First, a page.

The key is, in my opinion, to use a terrarium that is much (like 2-4 times) larger than one would use for a given number of morphs of other species and to use lots of leaf litter, cork hides in stacks, pieces of brick or weathered concrete to aid shedding (most deaths occur around sheeding, when infection set in if the morphs can't shed cleanly) and clumps of moss covering everything. A humidity gradient is imporant, with bone dry areas and damper ones around a small water dish. The dry area should never really be sprayed, but there must also be a good gradient (i.e. plenty of semi-dry/wet places as well as very damp and very dry). The morphs can either be fed in-situ and left to hunt or can be pulled out occassionally and fed separately, although this takes time to get working and then only in animals that have fully adapted to life on land. Avoid waxworms as I have had bad experiences with impactions. Once they pass about 6 months they become much more robust and after about 18 months to a year will start using a water dish and will gradually become more aquatic.

I wish you were in Europe, as I would love to give this species a go!

C



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Old 11th November 2011   #47 (permalink)
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Default Re: Paramesotriton chinensis eggs

The youth paramesotritones I've fed the worms cut into small pieces and have spread across the substrate (paper towels), thus, the newts are surrounded by plenty of food and always have a dam nearby, the only drawback I see to use a more natural and developed settings (pieces of cork, moss, stone slabs),is that all the little worms in pieces would be lost by the substrate and would have to remove the substrate to verify that the juvenile newts grow healthily.I usually get up a ceramic stone and almost all small newts is below the ceramic slab, but from what I read in the post, I have fear of being caught newts fungi by the fact that they are assembled ...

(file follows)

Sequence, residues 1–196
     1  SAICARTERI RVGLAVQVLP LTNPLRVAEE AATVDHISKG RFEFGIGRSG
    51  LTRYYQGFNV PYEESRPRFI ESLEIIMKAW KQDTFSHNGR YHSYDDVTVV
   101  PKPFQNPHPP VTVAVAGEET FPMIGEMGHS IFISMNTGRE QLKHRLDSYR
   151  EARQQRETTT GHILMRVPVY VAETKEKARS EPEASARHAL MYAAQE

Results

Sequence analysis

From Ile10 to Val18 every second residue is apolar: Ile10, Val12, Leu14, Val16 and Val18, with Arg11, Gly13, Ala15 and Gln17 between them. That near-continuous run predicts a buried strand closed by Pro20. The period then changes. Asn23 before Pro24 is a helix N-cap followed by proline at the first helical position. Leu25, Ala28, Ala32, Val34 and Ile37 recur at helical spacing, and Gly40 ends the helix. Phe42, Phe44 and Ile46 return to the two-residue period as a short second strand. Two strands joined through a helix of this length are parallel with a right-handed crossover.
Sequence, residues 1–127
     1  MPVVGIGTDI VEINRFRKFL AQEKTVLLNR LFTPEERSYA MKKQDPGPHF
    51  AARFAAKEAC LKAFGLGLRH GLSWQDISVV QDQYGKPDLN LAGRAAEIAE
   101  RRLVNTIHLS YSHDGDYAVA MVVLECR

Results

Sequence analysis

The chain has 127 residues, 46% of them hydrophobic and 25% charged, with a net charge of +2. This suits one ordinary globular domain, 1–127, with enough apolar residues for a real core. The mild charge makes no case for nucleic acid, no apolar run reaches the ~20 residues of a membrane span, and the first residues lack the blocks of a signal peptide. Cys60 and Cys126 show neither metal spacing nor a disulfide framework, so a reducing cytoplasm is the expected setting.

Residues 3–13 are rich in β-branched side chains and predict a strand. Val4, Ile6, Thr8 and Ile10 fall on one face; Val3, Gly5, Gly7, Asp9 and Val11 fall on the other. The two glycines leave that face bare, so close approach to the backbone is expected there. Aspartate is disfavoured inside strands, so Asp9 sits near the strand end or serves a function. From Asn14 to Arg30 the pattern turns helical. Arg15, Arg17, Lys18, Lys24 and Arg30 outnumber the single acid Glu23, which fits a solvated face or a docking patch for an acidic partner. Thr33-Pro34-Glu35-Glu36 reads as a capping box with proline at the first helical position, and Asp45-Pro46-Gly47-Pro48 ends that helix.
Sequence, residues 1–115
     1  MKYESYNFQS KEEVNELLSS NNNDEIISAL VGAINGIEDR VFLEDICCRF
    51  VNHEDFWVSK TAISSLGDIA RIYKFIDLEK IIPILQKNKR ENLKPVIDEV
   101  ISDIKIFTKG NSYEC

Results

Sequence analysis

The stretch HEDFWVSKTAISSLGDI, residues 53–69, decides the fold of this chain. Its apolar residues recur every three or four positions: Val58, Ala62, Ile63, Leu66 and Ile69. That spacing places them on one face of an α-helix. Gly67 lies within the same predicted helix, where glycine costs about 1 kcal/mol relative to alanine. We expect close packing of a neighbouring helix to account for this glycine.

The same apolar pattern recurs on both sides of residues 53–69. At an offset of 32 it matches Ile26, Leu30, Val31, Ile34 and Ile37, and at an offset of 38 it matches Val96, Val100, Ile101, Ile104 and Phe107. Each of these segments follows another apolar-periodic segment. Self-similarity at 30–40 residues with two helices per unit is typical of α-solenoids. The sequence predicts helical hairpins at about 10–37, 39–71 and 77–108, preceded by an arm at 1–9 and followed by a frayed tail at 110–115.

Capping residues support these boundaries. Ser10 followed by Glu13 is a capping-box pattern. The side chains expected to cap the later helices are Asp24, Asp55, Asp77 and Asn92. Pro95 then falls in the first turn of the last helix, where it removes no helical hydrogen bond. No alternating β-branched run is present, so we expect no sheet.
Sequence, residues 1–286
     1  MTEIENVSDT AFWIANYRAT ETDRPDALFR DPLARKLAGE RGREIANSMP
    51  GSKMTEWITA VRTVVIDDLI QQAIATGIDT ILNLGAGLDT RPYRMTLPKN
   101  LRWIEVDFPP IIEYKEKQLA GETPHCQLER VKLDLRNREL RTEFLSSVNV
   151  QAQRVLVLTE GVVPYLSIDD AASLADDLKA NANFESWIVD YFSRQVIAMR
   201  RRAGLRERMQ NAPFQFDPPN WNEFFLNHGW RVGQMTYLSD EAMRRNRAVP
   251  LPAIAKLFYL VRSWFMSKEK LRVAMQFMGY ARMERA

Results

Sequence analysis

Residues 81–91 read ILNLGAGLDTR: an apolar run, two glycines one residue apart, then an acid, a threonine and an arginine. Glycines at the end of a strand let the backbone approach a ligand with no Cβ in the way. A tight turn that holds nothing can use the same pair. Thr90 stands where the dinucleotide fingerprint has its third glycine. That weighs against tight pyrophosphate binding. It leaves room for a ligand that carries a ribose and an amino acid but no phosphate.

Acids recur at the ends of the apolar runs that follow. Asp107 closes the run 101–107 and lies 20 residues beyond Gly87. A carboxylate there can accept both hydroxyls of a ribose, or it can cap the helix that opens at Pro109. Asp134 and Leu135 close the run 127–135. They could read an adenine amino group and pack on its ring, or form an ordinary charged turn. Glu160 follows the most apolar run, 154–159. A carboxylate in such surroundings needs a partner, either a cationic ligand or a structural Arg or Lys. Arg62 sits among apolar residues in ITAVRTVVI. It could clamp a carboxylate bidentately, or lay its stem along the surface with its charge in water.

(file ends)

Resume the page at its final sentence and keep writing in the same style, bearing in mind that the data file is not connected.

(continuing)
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Old 16th December 2011   #48 (permalink)
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Default Re: Paramesotriton chinensis eggs

I am currently working with one of Otterwoman's chinensis babies and all is going well. It is being kept in a semi aquatic critter keeper with about 1.5 inches of water or around 3.8 to 4 cm. It is almost completely full of java moss except one open water area where I like to feed him/her. There are also rocks slightly emerged covered in java moss. This is working great and it is eating whiteworms/chopped earthworm/frozen bloodworms and I believe it has eaten one redworm.
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Old 16th December 2011   #49 (permalink)
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Default Re: Paramesotriton chinensis eggs

I also have some of Otterwoman's chinensis. I have them fully terrestrial in a fairly large tub. There are resident springtails and woodlice living in with them, and I add pinheads and fruit flies.